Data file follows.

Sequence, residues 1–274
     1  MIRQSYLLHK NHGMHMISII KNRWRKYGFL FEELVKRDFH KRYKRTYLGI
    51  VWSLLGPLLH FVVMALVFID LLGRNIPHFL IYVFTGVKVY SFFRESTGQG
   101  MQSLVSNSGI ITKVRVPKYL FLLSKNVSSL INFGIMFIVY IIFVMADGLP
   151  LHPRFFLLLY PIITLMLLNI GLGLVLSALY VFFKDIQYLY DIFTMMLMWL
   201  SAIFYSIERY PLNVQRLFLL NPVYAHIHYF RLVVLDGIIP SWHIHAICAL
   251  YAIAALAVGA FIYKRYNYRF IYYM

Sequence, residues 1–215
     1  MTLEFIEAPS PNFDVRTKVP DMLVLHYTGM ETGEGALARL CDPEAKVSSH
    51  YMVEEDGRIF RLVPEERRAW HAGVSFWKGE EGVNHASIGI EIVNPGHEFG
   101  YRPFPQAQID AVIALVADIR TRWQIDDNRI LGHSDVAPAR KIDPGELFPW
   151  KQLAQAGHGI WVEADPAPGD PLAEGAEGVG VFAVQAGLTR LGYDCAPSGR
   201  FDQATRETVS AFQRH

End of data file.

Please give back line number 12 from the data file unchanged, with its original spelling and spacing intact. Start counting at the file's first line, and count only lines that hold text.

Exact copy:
   151  KQLAQAGHGI WVEADPAPGD PLAEGAEGVG VFAVQAGLTR LGYDCAPSGR